TEXT OF STORY
BOB MOON: After weeks of horror stories about filthy living quarters and unfinished bathrooms, it turns out the accommodations at India’s Commonwealth Games might not be so bad after all. Athletes have started moving in and report being pleasantly surprised by what they’ve found. Rahul Tendon is the BBC’s reporter in New Delhi. Hello.
RAHUL TENDON: Hi Bob.
MOON: What sort of reaction has there been from the athletes who’ve already moved in?
TENDON: There’s about 1,000 athletes who have moved in. Bob, you can imagine, they’ve seen all those pictures I’m sure you have as well, heard the reports. So on their way to the accommodation, they were pretty nervous. But when they got there, beaming smiles on their faces, they were all pretty happy.
Louise Bevan is a Welsh hockey player. I asked her what her room was like.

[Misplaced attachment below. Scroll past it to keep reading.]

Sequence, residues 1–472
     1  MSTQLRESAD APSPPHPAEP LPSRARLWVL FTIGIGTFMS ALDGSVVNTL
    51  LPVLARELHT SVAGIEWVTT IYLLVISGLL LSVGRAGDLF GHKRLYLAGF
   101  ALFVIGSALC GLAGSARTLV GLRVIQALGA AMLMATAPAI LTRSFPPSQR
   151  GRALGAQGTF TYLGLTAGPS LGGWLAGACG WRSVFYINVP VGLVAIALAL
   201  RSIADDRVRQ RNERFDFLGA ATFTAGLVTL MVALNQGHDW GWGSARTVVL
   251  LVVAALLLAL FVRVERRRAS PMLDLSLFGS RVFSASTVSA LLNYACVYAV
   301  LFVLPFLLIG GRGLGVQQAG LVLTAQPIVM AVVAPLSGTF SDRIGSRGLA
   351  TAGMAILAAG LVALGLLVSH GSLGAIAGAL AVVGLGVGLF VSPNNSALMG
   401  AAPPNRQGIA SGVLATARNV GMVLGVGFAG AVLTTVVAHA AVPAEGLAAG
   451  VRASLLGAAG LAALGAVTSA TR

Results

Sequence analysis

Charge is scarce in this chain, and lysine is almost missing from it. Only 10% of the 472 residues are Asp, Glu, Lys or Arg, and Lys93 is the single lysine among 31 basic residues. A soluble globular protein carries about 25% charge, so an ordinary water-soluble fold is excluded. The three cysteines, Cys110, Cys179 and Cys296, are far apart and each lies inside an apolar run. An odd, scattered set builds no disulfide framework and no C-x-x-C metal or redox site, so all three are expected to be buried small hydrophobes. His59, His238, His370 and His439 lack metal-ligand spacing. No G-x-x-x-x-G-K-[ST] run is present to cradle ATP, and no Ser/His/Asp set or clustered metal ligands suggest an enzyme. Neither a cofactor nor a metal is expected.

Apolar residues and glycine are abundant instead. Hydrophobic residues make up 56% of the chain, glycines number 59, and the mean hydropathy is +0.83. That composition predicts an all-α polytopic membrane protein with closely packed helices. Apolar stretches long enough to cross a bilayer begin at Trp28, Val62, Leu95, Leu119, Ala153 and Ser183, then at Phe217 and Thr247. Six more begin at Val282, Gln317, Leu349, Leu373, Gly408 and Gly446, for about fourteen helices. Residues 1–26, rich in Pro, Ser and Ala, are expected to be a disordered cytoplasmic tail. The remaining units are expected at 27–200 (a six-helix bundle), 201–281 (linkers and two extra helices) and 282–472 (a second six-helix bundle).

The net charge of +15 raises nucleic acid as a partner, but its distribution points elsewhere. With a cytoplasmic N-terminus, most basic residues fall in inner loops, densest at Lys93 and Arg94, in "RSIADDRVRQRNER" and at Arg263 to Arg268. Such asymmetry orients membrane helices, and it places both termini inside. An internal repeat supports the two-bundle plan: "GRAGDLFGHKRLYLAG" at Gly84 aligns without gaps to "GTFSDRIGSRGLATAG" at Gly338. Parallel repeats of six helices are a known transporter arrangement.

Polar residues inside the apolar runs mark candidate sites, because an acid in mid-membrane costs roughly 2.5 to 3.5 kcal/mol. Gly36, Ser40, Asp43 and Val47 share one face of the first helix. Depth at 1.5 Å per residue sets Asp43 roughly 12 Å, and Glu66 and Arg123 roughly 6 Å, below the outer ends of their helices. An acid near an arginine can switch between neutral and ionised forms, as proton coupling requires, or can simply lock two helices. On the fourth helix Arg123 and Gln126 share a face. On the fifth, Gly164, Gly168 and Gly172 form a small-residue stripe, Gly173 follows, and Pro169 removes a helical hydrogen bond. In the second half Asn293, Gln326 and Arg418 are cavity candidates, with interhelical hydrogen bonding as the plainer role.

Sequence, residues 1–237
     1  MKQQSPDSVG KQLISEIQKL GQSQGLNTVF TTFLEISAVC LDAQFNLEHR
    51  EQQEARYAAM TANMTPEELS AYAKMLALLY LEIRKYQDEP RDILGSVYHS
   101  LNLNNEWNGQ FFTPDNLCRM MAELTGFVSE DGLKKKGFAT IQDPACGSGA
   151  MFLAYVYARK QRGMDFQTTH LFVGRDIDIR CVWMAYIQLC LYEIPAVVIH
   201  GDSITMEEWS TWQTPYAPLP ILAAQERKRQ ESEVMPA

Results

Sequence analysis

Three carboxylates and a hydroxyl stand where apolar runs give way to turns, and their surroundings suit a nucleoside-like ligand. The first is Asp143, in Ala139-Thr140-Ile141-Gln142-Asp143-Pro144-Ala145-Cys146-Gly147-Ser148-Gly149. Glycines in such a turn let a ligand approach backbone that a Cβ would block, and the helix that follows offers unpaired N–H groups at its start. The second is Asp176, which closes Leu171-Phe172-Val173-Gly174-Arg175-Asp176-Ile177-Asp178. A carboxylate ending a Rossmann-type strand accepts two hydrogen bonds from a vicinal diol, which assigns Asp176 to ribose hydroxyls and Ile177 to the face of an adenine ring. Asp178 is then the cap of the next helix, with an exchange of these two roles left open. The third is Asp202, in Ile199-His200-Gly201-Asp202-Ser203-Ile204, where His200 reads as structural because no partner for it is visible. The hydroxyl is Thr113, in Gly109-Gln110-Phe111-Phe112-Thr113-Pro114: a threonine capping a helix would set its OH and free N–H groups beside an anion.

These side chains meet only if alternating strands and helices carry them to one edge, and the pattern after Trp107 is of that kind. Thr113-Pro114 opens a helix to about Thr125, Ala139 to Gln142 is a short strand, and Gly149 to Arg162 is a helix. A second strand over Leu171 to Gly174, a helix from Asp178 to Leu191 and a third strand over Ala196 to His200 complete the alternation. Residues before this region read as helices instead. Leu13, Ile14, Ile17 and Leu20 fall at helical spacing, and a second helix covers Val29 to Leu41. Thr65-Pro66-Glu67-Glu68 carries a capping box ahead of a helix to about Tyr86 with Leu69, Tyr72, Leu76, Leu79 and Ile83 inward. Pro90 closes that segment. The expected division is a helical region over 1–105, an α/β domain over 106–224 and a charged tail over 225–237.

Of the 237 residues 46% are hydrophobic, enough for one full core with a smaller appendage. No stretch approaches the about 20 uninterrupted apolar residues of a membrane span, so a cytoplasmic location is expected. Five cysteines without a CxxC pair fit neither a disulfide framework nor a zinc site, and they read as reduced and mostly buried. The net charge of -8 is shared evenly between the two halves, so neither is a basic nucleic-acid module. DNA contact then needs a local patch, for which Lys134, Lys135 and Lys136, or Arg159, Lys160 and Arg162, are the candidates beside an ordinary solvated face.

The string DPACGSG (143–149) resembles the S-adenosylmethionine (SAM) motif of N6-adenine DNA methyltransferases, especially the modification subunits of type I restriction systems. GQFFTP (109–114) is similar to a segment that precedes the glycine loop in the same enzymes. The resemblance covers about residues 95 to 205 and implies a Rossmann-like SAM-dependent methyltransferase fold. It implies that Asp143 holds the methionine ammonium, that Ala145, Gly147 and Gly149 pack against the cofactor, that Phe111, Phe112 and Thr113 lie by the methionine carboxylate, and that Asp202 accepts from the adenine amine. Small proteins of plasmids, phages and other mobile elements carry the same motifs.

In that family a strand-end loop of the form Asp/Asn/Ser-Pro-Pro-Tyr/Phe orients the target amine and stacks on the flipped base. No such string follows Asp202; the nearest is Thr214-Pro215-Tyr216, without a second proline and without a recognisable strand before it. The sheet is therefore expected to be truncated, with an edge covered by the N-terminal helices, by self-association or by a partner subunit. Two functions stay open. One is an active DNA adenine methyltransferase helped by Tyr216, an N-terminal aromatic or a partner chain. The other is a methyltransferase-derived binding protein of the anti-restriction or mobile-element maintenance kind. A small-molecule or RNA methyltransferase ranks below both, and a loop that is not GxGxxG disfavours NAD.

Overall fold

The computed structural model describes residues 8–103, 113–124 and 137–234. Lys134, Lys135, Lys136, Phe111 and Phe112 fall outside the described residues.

LOUISE BEVAN: The rooms are in fantastic condition, everybody’s loving the balcony, the views we have. And all the conditions are just absolutely fantastic.
MOON: Raul, how much work have they had to do over the past few days to get these facilities up to scratch?
TENDON: Bob, it’s been crazy. Electricians, cleaners, plumbers, anybody they can find in Delhi to really get this place ready. Four thousand people working around the clock. Most of the conditions are good, but there’s still some work to go.
MOON: Now how easy is going to be for the organizers to be able to put these horror stories that we’ve heard behind them and get on with these games?
TENDON: It’s going to take a long, long time I think. Look, today a big story here — there was a snake in the South African room. They found another snake on the tennis village as well. A boxer’s bread broke when he tried to lay down on it. All these stories dominating the headlines here. You know as well as I do — when a negative news cycle starts, it’s difficult to break.
MOON: Rahul Tendon is The BBC’s reporter in New Delhi. Thanks for joining us.
TENDON: Thanks Bob.
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